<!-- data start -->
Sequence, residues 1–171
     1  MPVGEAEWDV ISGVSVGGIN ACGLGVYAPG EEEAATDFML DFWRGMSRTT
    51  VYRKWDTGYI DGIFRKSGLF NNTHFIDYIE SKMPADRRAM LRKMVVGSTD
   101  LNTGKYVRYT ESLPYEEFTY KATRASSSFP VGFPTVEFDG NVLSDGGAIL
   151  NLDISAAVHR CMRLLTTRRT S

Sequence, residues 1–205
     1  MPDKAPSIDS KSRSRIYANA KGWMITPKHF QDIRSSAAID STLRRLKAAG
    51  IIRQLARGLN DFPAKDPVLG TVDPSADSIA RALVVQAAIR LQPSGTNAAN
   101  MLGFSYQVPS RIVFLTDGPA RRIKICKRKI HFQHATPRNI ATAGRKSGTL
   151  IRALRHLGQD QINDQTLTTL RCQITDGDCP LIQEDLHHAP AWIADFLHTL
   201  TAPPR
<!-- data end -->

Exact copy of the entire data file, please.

Sequence, residues 1–171
     1  MPVGEAEWDV ISGVSVGGIN ACGLGVYAPG EEEAATDFML DFWRGMSRTT
    51  VYRKWDTGYI DGIFRKSGLF NNTHFIDYIE SKMPADRRAM LRKMVVGSTD
   101  LNTGKYVRYT ESLPYEEFTY KATRASSSFP VGFPTVEFDG NVLSDGGAIL
   151  NLDISAAVHR CMRLLTTRRT S

Sequence, residues 1–205
     1  MPDKAPSIDS KSRSRIYANA KGWMITPKHF QDIRSSAAID STLRRLKAAG
    51  IIRQLARGLN DFPAKDPVLG TVDPSADSIA RALVVQAAIR LQPSGTNAAN
   101  MLGFSYQVPS RIVFLTDGPA RRIKICKRKI HFQHATPRNI ATAGRKSGTL
   151  IRALRHLGQD QINDQTLTTL RCQITDGDCP LIQEDLHHAP AWIADFLHTL
   201  TAPPR